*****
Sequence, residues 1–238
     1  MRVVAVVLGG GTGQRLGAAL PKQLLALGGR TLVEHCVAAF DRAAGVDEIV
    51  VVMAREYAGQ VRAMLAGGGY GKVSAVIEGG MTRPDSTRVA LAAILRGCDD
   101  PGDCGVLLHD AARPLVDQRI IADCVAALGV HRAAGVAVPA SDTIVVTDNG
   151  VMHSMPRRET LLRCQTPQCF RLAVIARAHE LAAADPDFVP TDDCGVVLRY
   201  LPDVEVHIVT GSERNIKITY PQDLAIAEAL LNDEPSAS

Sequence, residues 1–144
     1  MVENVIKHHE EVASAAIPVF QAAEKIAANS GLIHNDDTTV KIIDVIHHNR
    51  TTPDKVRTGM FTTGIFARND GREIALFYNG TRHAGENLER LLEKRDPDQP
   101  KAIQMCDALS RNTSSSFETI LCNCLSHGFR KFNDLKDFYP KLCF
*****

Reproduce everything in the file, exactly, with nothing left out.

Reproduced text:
Sequence, residues 1–238
     1  MRVVAVVLGG GTGQRLGAAL PKQLLALGGR TLVEHCVAAF DRAAGVDEIV
    51  VVMAREYAGQ VRAMLAGGGY GKVSAVIEGG MTRPDSTRVA LAAILRGCDD
   101  PGDCGVLLHD AARPLVDQRI IADCVAALGV HRAAGVAVPA SDTIVVTDNG
   151  VMHSMPRRET LLRCQTPQCF RLAVIARAHE LAAADPDFVP TDDCGVVLRY
   201  LPDVEVHIVT GSERNIKITY PQDLAIAEAL LNDEPSAS

Sequence, residues 1–144
     1  MVENVIKHHE EVASAAIPVF QAAEKIAANS GLIHNDDTTV KIIDVIHHNR
    51  TTPDKVRTGM FTTGIFARND GREIALFYNG TRHAGENLER LLEKRDPDQP
   101  KAIQMCDALS RNTSSSFETI LCNCLSHGFR KFNDLKDFYP KLCF